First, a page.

IN RE: MARRIAGE OF Judith Lorraine and Thomas P. ALLEN.

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Court of Appeal, Second District, Division 2, California.

IN RE: MARRIAGE OF Judith Lorraine and Thomas P. ALLEN. Judith Lorraine Allen, Appellant, v. Thomas P. Allen, Appellant.

No. B143248.

Decided: February 26, 2002

 Trope and Trope, Thomas Paine Dunlap and Steven Knowles, Los Angeles, for Appellant Judith Lorraine Allen. Ronald P. Kaplan, Los Angeles, for Appellant Thomas P. Allen.

The question raised by this appeal is whether a wife's consent to the use of community funds to improve her husband's separate real property raises a presumption that the funds were a gift of the funds to the husband.   We conclude that it does not.   In so holding, we agree with In re Marriage of Wolfe (2001) 91 Cal.App.4th 962, 110 Cal.Rptr.2d 921 (Wolfe ), which recently held that where a wife uses community funds to make improvements to her husband's separate property, the community is entitled to reimbursement of the funds.


Judith Lorraine Allen appeals from a further judgment on reserved issues in a marital dissolution action in which the trial court ruled that community expenditures toward capital improvements on Thomas P. Allen's separate property residence were presumptively a gift to him from the community.   Judith contends that the trial court erred in failing to apply the Moore/ Marsden rule (In re Marriage of Moore (1980) 28 Cal.3d 366, 168 Cal.Rptr. 662, 618 P.2d 208 (Moore ) and In re Marriage of Marsden (1982) 130 Cal.App.3d 426, 181 Cal.Rptr. 910 (Marsden )) in this case.   Judith also asserts that the trial court erred in finding that she consented to the expenditures.   Thomas cross-appeals, contending that the trial court abused its discretion in denying his request for attorney fees.


Judith filed her petition for dissolution of marriage in September 1997.   The principal disputed issue in the case was whether the family home, which  Thomas owned prior to the marriage, had been transmuted to community property.   The trial court bifurcated that issue and heard the matter during September 1998.   Thomas contended the property remained his separate property throughout the 16-year marriage.   Judith took the position that the property was transmuted to community property either by oral agreement prior to 1985 or by written deed in 1990. 1  On September 30, 1998, the court ruled that the real property had been transmuted to community property on January 1, 1990.   It certified the issue for immediate appeal.   No appeal was taken.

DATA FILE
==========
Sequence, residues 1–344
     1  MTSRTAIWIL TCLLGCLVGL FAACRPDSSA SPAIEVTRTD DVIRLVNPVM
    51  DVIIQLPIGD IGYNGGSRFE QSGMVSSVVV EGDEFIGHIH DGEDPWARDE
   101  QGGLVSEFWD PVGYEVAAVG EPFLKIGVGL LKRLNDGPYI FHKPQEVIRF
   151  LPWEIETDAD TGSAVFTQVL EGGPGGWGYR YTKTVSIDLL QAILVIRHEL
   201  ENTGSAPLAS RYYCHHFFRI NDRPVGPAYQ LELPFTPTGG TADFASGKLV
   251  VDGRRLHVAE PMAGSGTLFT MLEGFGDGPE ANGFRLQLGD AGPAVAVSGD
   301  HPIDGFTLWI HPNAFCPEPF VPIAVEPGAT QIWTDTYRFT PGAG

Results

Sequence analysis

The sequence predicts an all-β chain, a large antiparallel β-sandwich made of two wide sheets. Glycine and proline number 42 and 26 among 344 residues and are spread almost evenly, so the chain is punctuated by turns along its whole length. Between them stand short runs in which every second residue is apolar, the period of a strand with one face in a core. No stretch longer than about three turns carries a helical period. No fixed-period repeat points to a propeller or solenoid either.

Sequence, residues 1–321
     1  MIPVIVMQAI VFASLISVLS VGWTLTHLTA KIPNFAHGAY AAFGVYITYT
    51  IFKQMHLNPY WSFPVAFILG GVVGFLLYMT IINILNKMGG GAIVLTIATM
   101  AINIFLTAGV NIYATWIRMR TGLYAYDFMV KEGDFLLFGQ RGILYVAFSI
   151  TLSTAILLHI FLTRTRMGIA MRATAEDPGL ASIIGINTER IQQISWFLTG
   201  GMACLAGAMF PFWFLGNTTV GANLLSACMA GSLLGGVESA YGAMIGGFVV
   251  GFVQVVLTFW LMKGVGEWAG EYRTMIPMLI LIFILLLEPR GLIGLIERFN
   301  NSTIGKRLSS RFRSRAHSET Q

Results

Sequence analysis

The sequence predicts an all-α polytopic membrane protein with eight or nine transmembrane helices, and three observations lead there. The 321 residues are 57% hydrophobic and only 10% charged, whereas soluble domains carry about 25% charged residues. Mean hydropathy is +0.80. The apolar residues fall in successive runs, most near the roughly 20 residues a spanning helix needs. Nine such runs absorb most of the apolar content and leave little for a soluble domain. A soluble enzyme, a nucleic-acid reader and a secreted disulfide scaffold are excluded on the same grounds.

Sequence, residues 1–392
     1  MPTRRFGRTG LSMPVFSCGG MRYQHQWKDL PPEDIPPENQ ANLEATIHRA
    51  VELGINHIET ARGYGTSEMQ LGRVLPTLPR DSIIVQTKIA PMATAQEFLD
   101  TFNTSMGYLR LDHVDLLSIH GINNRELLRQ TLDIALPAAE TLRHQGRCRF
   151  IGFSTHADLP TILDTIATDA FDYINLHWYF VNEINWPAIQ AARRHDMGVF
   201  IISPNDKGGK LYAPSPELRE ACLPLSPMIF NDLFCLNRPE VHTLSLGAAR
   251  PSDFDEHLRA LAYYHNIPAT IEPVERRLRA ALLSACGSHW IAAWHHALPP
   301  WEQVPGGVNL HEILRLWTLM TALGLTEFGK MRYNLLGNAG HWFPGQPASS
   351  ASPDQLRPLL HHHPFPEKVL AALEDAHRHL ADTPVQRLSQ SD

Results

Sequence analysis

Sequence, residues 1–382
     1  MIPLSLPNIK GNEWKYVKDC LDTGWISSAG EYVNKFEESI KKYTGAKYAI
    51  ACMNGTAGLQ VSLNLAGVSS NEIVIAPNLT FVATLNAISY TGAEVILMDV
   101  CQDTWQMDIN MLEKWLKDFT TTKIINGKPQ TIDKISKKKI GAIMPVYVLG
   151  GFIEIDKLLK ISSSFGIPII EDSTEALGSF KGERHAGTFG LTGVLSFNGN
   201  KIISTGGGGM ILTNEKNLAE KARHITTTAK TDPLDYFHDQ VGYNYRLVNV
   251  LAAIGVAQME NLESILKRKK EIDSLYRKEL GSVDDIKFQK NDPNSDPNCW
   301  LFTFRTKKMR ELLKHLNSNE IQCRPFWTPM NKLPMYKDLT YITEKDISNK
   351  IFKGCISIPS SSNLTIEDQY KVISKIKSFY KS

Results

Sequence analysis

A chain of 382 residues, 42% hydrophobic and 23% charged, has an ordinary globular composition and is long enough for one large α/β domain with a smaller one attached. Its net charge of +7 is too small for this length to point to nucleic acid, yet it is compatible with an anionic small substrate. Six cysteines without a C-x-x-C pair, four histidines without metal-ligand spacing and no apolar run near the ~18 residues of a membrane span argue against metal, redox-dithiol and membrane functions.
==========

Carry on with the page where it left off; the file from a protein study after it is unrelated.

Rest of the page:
The remaining issues in the case were then heard.   They included child support, attorney fees, and whether the community was entitled to reimbursement or a pro tanto interest in the family residence based upon pre 1990 community contributions to improvements in the home.   Judith took the position that approximately $450,000 in community funds had been used improving the family home prior to 1990.   Thomas contested both the fact that any community funds had been used and the amount spent on the alleged improvements.   The trial court granted Thomas's motion in limine, however, precluding Judith from presenting evidence of the cost of, or value added by, the alleged community-funded improvements.   The remaining issues were tried.

The trial court issued a statement of decision on October 21, 1999.   It stated in connection with Thomas's in limine motion:  “The court finds that it is constrained by the holdings in In re Marriage of Jafeman (1972) 29 Cal.App.3d 244 [105 Cal.Rptr. 483] and In re Marriage of Camire (1980) 105 Cal.App.3d 859 [164 Cal.Rptr. 667], which held that the expenditure of community property funds upon a spouse's separate property residence did not give rise to a claim for reimbursement, because of a presumption that the community had made a gift to the separate property owning spouse.   Although both cases predate In re Marriage of Moore (1980) 28 Cal.3d 366 [168 Cal.Rptr. 662, 618 P.2d 208] and In re Marriage of Marsden (1982) 130 Cal.App.3d 426 [181 Cal.Rptr. 910], which established that community property paydowns on mortgage principal on a separate property asset give rise to a pro tanto interest in favor of the community, neither Moore nor Marsden specifically address the issue of improvements, and no reported case has heretofore expanded the Moore/Marsden reasoning to include enhancement in value of separate property through capital improvements financed with community funds.   The Court believes that Jafeman and Camire are therefore still controlling in a situation such as the case at bar involving alleged community property funds expended upon improvements to Respondent's residence prior to its transmutation to community  property.   Therefore, any evidence which Petitioner might present relating to the cost or value of the improvements made upon Respondent's separate property residence from 1983 through 1990 would be irrelevant and Respondent's Motion in Limine was granted on that basis.”   The trial court found that Judith had consented to the use of any community property funds expended on the residence prior to 1990.